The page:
A completed PhD comprises coursework, qualifying exams, independent research and writing, and an oral defense. The Screen Cultures and Curatorial Studies program is determined to make it possible for students to complete their degrees in four years, consistent with the funding that the program offers to all PhD students.
MA or MFA degree from a recognized university in film, media studies, art history or cognate fields (e.g. communication, cultural studies, visual arts, popular culture).
For applicants who do not meet these requirements but have a substantial record of work, training, and education outside of traditional academic tracks, please contact the Graduate Coordinator before applying.
Students are required to complete three core courses (including SCCS 810, see below) and two Option Courses, a qualifying exam, and a Dissertation or Project. Students are allowed to take additional courses, upon consultation with the supervisor and Graduate Chair.
Students should consult with their supervisor about course selection. All first-year PhD students must take SCCS 810.
Doctoral students with a Queen's M.A. in Screen Cultures and Curatorial Studies need only take two optional courses, plus SCCS 810. Their two courses will be drawn from the list of available courses, and determined in consultation with supervisor and/or program director.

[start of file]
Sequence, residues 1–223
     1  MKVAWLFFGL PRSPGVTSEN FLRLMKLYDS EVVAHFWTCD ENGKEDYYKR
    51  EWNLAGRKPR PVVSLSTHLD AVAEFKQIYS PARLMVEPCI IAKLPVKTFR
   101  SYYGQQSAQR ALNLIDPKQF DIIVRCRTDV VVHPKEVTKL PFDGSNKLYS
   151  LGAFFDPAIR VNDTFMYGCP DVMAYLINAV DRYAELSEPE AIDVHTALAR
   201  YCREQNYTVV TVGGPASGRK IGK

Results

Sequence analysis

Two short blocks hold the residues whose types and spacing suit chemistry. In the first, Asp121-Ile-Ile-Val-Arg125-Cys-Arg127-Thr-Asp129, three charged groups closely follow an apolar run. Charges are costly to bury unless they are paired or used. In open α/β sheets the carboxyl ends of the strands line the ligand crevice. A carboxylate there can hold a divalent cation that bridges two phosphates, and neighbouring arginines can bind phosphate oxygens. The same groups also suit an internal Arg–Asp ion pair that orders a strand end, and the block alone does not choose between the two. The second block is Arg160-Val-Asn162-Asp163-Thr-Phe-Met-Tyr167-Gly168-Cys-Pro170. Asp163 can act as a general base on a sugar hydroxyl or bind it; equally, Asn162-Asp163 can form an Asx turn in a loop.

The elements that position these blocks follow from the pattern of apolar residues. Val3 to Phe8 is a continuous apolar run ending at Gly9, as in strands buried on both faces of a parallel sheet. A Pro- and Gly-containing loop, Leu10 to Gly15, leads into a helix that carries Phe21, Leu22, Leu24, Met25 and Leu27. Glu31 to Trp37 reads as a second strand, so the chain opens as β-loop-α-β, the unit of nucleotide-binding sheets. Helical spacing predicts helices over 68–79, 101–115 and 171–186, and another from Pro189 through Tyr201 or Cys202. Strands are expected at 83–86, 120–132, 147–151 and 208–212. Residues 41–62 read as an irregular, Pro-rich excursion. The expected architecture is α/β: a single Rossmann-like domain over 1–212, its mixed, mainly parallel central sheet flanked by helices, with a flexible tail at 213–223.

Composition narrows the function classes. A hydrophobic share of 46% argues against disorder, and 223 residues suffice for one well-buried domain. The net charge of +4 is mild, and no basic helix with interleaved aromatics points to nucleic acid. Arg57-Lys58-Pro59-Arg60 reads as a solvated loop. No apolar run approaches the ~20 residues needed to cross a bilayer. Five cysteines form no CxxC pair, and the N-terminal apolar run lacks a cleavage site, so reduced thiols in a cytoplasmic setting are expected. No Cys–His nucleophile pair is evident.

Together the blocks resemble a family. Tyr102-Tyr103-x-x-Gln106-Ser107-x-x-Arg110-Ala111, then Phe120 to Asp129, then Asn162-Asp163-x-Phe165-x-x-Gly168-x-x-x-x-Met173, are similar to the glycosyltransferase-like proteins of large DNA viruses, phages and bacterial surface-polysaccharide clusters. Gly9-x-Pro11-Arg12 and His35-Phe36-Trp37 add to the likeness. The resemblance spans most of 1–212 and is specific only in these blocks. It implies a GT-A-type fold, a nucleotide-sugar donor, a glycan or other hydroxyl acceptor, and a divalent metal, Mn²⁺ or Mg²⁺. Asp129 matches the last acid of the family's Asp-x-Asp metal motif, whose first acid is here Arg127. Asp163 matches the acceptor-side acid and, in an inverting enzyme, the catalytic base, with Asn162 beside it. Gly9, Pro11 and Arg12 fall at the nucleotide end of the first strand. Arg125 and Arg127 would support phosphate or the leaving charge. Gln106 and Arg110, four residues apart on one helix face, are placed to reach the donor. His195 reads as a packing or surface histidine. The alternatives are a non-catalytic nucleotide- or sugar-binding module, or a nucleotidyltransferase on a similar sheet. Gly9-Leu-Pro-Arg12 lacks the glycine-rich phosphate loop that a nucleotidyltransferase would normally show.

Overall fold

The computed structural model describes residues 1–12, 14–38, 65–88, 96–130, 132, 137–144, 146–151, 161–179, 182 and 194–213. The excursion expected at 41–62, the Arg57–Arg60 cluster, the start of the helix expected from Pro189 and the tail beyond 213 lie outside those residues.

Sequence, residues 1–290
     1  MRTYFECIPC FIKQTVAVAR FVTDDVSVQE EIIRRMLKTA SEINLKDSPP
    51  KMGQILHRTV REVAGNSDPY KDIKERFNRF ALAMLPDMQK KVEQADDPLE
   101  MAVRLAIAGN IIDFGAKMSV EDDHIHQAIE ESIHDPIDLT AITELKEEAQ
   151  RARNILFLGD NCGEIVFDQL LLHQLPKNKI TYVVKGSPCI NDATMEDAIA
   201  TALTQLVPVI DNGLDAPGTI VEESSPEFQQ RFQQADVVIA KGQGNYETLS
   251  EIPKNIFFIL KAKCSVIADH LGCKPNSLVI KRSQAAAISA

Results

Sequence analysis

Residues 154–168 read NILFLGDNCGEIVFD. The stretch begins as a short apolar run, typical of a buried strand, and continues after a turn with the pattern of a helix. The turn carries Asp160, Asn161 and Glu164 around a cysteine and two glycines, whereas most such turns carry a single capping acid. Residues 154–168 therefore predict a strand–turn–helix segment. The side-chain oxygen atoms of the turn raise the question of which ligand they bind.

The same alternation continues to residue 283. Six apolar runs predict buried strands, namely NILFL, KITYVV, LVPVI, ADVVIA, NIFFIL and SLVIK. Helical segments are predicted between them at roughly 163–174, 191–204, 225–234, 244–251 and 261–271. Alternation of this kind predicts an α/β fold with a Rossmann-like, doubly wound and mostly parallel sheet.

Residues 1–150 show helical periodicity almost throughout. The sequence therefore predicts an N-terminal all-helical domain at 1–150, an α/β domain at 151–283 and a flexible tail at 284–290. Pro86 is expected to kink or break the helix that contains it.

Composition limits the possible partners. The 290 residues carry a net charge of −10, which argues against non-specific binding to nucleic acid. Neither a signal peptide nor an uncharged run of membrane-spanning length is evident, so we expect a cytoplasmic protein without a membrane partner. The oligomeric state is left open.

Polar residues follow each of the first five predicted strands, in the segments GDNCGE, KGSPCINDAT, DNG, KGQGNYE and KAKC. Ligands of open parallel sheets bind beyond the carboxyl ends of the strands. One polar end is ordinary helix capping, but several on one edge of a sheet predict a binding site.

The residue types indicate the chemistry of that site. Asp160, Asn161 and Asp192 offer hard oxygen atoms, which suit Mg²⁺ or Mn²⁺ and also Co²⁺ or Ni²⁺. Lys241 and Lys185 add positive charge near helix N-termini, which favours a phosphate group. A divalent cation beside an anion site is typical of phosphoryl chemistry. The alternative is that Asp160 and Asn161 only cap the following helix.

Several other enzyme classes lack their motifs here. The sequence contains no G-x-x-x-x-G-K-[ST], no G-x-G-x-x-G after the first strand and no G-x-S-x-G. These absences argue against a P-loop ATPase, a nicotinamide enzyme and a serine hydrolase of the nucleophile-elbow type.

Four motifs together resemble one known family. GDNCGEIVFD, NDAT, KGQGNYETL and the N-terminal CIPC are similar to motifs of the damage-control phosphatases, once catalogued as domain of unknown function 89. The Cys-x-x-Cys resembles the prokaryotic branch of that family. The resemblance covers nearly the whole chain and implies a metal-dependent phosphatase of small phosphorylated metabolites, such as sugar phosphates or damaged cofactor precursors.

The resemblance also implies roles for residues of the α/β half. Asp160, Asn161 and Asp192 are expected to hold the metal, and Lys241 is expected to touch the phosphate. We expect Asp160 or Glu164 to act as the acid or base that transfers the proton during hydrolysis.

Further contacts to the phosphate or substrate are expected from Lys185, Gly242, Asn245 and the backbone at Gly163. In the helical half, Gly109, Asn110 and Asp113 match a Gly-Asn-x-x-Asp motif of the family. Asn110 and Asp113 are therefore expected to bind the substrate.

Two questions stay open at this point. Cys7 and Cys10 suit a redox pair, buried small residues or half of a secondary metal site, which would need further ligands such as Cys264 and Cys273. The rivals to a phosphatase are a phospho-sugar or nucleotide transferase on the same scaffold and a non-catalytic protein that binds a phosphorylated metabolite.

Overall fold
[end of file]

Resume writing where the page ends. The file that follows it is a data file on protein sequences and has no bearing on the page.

Core SCCS courses:
SCCS 910/6.0/F/W Professional Development in Screen Cultures and Curatorial Studies
SCCS 812/3.0/W Critical and Theoretical Approaches to Screen Cultures and Curatorial Studies
SCCS 814/3.0/F Histories and Methodologies of Screen Cultures and Curatorial Studies
Option SCCS courses:
SCCS 820/3.0/F Media Production Seminar
SCCS 828/3.0/F Critical Curatorial Studies Seminar
SCCS 830/3.0/W Curating in Context
SCCS 840/3.0 Directed Reading
PhD students may also choose Option Courses from Cultural Studies courses:
Cultural Studies may have room for SCCS students in their courses. CUST PhD Option Courses: CUST 806/3.0; CUST 892/3.0; CUST 816/1.0; CUST 800/3.0; CUST 804/3.0; CUST 807/3.0; CUST 893/3.0; CUST 817/1.0; CUST 815/1.0. For detailed descriptions of Cultural Studies courses click Cultural Studies Courses. Relevant courses may also be found in Art History, Gender Studies, English, and International Development Studies. Courses outside SCCS require permission from both the instructor and the Graduate Coordinator of SCCS.